After holding on to a slightly upward trend, copper spot and futures prices in Indian markets behaved like a yo-yo in the last few days of September and in the opening days of October.
The trend could end up heavily influencing buying and selling points in the copper futures market for November if there are no clear-cut global cues soon, said traders.
On Sept. 28, led by the firming in global trends, at India’s Multi Commodity Exchange (MCX), copper for delivery in November had gone up by about US $0.021 (Rs 1.15), or 0.26 percent, to US $ 8.42 (Rs 441.20) per kilogram, with a business turnover of 27,937 lots.
But on Oct 1., in line with a weak global trend, copper prices had moved down by as much as $0.06 (Rs 3.35) to $ 8.35 (Rs 437.70) per kg in futures trade as speculators offloaded their positions.
For the short term, between the first and second weeks of October, analysts here see copper buoying back to its previous happy state. One of the reasons for that is the firming up of the Indian rupee against the US dollar. Of course, analysts continue to maintain a bullish outlook on this metal for the long term.
The downward trend seen in the last few days was due to Indian copper mirroring the price movements on the London Metals Exchange (LME). London copper came down on Oct. 1 primarily because of two reasons – China’s manufacturing sector was still not looking up, while there were reports around a possible bailout for Spain’s over-stressed banks. In the previous week, too, on the LME, copper prices had fallen from the previous week’s four-month high.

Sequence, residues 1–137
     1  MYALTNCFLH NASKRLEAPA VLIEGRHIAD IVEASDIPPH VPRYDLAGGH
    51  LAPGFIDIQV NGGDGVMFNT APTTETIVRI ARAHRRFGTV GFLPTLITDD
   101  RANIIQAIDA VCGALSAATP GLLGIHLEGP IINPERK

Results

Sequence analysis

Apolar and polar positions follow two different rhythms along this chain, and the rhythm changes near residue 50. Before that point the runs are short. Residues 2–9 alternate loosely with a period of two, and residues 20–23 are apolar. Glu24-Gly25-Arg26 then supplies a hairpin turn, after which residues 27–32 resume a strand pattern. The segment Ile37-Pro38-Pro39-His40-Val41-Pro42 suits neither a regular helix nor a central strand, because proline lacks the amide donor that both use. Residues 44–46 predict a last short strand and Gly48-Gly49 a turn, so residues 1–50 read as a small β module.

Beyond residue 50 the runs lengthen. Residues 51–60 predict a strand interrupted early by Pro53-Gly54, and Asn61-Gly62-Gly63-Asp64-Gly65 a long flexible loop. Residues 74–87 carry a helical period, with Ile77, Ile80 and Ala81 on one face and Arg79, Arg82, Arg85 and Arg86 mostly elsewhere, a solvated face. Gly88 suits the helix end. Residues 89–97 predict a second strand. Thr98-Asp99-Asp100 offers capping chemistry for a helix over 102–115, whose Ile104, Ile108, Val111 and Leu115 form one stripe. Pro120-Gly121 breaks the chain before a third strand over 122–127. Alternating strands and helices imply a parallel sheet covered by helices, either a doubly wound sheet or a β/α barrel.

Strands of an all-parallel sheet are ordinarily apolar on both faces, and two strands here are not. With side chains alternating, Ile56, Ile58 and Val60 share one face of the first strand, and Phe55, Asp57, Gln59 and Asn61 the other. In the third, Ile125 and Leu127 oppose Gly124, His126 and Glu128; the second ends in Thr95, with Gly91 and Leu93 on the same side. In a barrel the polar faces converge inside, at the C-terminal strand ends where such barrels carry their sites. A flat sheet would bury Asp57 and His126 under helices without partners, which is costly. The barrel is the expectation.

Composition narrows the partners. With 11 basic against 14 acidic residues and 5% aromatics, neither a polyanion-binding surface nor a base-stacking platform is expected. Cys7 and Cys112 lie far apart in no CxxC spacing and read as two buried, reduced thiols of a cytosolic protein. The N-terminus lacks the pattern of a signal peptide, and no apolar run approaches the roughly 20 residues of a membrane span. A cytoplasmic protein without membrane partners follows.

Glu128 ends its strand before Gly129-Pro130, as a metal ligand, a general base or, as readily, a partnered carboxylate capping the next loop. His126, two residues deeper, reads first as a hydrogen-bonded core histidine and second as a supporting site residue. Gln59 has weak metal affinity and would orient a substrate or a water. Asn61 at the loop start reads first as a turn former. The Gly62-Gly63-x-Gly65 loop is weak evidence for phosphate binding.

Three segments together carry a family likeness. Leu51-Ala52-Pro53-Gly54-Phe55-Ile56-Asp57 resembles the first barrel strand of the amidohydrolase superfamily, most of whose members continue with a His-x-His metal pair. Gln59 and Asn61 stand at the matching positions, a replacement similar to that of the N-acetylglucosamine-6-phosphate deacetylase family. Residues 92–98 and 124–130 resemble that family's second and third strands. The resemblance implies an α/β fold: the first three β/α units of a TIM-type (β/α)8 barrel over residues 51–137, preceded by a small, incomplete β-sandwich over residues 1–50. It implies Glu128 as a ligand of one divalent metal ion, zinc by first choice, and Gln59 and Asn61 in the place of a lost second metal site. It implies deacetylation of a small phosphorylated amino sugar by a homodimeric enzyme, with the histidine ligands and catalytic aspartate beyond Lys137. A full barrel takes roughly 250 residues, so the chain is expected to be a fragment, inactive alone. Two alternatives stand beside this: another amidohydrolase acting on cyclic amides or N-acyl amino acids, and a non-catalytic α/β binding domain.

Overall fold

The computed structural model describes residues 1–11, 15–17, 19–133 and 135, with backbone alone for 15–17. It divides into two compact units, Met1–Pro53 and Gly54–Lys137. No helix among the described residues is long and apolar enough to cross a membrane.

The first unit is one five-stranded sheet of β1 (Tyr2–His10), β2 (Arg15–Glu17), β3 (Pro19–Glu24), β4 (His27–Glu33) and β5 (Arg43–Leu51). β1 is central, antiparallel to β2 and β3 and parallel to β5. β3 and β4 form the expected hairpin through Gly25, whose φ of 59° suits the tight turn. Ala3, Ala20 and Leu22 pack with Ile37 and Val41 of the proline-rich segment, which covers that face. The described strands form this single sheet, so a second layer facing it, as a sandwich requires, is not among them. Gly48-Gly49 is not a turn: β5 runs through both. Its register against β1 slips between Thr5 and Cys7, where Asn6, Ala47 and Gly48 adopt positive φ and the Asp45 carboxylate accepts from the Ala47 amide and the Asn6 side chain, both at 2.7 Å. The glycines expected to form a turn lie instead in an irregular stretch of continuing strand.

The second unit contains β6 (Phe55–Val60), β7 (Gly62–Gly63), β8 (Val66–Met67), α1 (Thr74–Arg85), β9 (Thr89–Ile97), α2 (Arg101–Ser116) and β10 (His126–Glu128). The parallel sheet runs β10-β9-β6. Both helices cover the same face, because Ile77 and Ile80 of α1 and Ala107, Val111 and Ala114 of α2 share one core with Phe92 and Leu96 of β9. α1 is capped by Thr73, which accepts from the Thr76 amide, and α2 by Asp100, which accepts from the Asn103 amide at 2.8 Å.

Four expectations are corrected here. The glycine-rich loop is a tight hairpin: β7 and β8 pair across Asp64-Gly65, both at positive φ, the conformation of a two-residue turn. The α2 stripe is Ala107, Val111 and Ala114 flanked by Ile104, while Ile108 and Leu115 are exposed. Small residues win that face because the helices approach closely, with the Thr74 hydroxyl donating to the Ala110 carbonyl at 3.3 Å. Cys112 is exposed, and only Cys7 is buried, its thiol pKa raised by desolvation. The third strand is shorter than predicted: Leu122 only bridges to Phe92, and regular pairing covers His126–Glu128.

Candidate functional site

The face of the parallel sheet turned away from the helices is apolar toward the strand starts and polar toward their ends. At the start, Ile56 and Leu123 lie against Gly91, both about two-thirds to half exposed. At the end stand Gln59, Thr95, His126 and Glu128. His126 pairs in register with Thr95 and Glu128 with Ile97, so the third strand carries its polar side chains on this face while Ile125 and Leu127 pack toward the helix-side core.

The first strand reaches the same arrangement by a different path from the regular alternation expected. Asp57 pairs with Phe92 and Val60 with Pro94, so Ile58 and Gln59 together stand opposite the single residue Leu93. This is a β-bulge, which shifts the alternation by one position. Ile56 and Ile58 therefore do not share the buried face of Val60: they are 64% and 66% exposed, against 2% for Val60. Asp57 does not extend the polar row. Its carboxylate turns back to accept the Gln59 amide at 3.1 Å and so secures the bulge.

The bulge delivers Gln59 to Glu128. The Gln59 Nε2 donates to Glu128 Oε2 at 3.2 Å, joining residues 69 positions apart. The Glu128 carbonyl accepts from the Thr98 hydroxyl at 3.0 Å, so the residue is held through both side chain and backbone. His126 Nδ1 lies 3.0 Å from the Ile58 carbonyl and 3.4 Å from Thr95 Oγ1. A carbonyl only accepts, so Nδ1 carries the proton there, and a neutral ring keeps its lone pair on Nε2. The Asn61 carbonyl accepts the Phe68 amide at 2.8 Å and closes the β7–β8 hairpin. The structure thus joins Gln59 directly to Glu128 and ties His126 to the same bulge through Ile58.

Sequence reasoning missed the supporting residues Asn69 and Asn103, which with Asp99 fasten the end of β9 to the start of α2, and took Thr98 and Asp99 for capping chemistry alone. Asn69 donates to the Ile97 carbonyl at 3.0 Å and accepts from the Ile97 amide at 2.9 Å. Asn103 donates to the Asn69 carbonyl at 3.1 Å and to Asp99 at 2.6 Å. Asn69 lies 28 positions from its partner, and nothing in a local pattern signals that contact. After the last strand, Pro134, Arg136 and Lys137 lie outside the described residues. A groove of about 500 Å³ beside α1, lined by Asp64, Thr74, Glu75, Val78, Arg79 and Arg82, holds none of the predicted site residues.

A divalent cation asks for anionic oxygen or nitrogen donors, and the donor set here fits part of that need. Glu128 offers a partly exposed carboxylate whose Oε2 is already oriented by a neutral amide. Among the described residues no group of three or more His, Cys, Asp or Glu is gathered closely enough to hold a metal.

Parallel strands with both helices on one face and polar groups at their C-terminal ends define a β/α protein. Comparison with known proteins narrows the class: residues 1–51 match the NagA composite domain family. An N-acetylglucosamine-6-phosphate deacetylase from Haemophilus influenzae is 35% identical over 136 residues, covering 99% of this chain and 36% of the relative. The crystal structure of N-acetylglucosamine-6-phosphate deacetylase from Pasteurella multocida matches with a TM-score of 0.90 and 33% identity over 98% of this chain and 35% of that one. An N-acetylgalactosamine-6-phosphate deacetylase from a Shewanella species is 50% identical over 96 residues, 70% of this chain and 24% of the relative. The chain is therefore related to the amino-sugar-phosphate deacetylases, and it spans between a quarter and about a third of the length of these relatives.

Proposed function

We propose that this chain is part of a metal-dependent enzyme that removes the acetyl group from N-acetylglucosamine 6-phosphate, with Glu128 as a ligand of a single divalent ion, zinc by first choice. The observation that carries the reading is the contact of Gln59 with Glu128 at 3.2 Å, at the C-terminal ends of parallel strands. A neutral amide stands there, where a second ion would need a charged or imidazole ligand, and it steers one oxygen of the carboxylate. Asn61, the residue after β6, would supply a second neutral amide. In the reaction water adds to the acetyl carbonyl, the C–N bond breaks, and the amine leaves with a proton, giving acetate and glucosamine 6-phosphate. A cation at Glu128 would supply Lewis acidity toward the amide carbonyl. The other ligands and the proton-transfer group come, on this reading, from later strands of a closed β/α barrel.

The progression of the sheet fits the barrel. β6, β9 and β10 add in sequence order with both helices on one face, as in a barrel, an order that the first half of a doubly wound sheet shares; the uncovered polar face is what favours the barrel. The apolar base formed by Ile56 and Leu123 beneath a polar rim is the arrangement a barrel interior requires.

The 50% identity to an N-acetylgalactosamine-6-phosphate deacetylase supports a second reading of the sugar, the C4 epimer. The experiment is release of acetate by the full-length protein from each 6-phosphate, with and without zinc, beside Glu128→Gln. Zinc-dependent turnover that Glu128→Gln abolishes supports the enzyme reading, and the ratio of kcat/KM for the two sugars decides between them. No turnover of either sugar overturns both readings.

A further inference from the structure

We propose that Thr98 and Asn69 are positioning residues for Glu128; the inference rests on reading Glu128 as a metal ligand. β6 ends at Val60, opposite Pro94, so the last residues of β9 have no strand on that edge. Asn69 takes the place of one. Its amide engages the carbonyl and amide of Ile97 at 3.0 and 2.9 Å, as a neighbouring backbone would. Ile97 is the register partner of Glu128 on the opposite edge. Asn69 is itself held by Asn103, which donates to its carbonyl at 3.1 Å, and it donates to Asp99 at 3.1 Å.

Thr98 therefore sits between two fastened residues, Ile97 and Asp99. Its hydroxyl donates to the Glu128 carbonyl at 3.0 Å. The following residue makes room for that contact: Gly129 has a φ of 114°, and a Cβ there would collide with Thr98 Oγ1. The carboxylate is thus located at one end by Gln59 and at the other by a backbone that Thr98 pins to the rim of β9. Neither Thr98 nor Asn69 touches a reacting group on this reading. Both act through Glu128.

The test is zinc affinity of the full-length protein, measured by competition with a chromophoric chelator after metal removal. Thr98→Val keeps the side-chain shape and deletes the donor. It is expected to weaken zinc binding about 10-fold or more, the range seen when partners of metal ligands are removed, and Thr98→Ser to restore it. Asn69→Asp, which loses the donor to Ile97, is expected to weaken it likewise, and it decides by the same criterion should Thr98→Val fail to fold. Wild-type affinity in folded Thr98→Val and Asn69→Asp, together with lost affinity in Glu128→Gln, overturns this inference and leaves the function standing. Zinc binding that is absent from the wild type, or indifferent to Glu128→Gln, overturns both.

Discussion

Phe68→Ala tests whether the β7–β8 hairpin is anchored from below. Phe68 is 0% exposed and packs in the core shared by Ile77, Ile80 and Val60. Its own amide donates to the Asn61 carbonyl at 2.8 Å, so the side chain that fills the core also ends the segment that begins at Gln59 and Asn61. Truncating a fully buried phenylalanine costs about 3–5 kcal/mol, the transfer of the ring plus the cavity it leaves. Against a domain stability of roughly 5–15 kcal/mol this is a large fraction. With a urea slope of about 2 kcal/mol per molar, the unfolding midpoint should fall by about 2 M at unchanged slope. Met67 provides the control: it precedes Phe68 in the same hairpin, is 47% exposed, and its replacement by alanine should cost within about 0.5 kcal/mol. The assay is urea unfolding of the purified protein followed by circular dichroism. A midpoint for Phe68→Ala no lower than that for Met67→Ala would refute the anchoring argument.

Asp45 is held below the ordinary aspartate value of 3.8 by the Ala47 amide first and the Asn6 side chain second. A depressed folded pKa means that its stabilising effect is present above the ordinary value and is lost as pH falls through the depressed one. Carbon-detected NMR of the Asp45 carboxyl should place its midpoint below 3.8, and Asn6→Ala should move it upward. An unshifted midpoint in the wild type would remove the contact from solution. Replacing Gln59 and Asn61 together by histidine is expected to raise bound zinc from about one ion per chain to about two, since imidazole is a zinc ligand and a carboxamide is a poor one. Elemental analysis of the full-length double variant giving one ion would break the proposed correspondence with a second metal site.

Personal finance advisory firm MyIris.com also seemed to agree with global copper analysts. It said in a report that copper futures had declined at India’s MCX in the wake of weak global cues since the commodity was under pressure due to a report of China’s declining industrial profits. Also, weak demand has led to a surge in copper stockpiles at the LME.
Brokering firm Kotak Commodities Services in its outlook on base metals had forecast that support for November copper would be at $8.32 (Rs 436) at the start of October. Gains could remain capped amidst fears of weak demand persisting because of a bleak global outlook.
Like their LME counterparts, traders at the MCX are looking at some signs of an economic stimulus and planned infrastructure investments in the US, Europe and China, which they say would mean more orders for the metal. Until that happens, copper prices here are bound to remain range-bound.
Meanwhile, reports that mining company BHP Billiton had projected an annual growth of 10 percent for its copper production until 2015 had infused some confidence in the investors’ market. The company has based its forecast for the copper market on increasing demand from emerging markets such as China and India because of heavy use of the metal in construction and infrastructure, applications in the electrical and power industries as well as demand from consumables, urbanization and replacement.